The Springfield Airport Authority's offer to pay some of RegionsAir's startup costs helped clinch the deal to bring the airline to Abraham Lincoln Capital Airport.
The airport announced Monday that a partnership had been reached with RegionsAir of Smyrna, Tenn., to preserve American Airlines commuter service between Springfield and St. Louis when another commuter airline pulls out June 7.
For the first year that RegionsAir serves Springfield, the airport will pay the salaries of employees working at the counter and handling baggage on the ground, said Eric Frankl, executive director of Abraham Lincoln Capital Airport. Usually, airlines pay those employee costs.
The airport also will buy some equipment, such as plastic tubs used for moving baggage, Frankl said, adding that the total cost of salaries and equipment still is being tallied and will depend on the number of employees hired.
"Anytime a new airline starts, they have a lot of new startup costs - new equipment to bring in, new people," Frankl said Tuesday.
Ground-crew employees being laid off by the outgoing carrier, Trans States Airlines of St. Louis, can apply for jobs with RegionsAir, Frankl said.
RegionsAir is scheduled to begin AmericanConnection service to St. Louis on June 8, one day after Trans States departs. St. Louis-based Trans States is upgrading its fleet from 30-seat turboprops to 50-seat jets and says it would lose money providing jet service between Springfield and St. Louis.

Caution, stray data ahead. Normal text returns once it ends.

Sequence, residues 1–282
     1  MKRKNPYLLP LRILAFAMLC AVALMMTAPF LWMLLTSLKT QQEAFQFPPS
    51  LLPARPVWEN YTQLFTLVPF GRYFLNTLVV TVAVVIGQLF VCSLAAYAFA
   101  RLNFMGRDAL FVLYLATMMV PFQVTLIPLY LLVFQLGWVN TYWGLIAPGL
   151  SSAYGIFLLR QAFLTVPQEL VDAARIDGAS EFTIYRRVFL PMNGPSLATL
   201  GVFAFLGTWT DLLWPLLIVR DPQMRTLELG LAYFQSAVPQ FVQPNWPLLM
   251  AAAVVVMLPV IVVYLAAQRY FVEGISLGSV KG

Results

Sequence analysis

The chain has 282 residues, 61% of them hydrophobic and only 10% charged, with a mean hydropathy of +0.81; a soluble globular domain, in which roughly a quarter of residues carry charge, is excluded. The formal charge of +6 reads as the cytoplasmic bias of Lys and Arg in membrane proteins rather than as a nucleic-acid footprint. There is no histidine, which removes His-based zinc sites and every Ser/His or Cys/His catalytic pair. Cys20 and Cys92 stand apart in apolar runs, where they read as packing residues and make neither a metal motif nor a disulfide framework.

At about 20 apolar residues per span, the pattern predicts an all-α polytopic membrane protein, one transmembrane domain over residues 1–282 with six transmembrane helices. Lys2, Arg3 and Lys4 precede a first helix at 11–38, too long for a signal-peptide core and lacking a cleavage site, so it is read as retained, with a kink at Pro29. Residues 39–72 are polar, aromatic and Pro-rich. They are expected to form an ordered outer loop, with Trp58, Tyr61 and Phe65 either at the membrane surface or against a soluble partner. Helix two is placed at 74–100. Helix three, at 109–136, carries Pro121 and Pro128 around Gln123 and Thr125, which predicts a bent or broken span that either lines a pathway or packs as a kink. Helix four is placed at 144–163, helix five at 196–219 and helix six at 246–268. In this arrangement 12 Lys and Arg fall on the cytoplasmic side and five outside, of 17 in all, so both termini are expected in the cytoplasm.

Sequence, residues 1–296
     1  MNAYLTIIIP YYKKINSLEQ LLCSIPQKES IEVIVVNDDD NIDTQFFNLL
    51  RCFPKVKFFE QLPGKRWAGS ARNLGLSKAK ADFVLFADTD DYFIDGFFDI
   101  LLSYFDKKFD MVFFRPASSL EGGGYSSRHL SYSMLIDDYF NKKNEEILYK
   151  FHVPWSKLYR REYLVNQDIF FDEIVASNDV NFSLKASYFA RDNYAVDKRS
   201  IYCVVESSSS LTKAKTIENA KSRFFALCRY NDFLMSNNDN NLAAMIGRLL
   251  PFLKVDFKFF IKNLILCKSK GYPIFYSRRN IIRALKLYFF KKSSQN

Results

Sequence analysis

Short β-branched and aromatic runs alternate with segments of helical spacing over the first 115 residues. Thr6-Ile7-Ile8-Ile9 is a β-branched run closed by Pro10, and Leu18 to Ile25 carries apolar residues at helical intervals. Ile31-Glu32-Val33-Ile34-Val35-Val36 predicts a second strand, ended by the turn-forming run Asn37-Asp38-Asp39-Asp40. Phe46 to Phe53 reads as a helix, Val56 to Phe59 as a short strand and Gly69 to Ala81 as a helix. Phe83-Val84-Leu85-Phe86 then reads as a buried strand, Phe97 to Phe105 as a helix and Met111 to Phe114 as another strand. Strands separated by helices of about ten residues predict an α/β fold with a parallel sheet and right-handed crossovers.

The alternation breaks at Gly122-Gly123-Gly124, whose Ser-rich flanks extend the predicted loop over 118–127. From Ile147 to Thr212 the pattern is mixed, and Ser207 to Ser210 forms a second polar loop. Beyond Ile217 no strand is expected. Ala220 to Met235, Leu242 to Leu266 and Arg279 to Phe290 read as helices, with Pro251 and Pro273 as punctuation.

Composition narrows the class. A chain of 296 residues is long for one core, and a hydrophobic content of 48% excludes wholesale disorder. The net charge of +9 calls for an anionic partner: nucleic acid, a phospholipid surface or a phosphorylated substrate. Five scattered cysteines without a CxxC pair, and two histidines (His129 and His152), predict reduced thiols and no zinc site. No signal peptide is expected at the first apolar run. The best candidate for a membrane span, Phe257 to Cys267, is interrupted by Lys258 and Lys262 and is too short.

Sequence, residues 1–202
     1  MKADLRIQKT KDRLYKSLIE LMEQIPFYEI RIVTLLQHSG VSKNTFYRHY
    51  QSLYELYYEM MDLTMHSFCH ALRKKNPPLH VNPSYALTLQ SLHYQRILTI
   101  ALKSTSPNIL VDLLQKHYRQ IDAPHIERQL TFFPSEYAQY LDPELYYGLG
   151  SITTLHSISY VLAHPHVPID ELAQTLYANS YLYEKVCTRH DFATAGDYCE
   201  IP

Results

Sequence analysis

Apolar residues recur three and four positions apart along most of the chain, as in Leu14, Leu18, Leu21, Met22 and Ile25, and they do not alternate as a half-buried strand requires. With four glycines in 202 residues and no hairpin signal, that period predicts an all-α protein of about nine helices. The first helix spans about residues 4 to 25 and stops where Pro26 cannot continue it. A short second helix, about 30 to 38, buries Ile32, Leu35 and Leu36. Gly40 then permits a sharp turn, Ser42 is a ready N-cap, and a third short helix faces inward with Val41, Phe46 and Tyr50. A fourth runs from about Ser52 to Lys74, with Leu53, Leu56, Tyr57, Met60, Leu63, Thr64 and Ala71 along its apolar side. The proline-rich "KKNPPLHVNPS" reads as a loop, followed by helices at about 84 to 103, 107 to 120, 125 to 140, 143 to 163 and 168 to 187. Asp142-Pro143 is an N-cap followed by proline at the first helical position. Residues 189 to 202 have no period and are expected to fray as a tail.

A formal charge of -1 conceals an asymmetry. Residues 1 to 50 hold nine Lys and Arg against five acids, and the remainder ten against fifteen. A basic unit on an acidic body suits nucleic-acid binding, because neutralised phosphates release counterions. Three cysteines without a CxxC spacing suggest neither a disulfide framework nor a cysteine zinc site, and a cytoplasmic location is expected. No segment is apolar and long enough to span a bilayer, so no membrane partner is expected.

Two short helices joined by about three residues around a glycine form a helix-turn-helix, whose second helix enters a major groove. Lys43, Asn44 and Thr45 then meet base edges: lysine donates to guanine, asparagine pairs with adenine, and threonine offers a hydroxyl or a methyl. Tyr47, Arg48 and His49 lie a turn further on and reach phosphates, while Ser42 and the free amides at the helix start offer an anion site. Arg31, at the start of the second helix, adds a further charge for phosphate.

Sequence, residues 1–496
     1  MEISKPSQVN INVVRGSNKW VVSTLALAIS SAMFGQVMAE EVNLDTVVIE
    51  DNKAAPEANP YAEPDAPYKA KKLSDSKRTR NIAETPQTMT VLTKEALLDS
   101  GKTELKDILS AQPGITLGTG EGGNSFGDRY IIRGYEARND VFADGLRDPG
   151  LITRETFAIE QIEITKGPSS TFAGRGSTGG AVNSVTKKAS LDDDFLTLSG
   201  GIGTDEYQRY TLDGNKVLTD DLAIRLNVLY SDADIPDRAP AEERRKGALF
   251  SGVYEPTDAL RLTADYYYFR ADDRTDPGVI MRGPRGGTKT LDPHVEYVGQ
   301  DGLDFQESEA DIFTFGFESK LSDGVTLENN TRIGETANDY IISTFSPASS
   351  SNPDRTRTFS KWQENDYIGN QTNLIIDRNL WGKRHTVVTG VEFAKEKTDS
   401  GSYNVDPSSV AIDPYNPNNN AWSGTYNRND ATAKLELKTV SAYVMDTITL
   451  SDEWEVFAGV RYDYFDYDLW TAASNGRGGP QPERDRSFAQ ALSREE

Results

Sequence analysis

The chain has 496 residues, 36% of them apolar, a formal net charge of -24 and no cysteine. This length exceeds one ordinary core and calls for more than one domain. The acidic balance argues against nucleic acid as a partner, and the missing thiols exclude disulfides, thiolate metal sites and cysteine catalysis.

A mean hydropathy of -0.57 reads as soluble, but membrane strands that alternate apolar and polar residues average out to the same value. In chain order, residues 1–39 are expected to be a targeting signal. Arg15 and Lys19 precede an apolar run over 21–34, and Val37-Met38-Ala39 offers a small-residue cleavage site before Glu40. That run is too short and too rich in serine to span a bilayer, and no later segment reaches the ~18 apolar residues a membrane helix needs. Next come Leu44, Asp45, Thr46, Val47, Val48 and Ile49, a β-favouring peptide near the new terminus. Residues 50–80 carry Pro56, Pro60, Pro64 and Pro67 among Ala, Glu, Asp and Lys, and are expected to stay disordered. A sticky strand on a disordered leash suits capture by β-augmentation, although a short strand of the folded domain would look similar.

After RegionsAir's first year of serving Springfield, the airline is to take over paying the ground employees, Frankl said.
The airport's offer of incentives showed that Springfield really wanted to keep American Airlines service, said a staffer for U.S. Sen. Dick Durbin of Springfield.
Durbin's staff facilitated discussions among American Airlines, RegionsAir, Frankl and Springfield Mayor Tim Davlin's office.
In a written statement announcing the deal Monday, Durbin said that "Springfield's airport is vital to the transportation needs of the community, tourism, and Illinois government."
American is one of two airlines serving Springfield, along with United Express.
Frankl said he hopes also to make a similar offer to United to temporarily pay for airport employees.
Right now, United has its own employees and equipment. But Frankl thinks that eventually one staff could serve both airlines on the ground and the airlines could share the cost once the airport ceases paying it.
The Springfield Airport Authority is the taxing body that operates the city's airport. The SAA receives about a third of its income from taxes and two-thirds from tenants at the airport, Frankl said.
The airport has used incentives in the past to attract air service.
In 2000, local government and business leaders pledged millions of dollars' worth of business to air carriers if they would agree to serve Springfield.
Two new carriers, ATA and Northwest Airlines, did come to Springfield in 2001. The competition lowered fares and boosted passenger traffic.
However, Northwest dropped service between Springfield and Memphis, Tenn., after 14 months because of too few passengers. ATA pulled out of Springfield in January 2005 as part of a bankruptcy reorganization.
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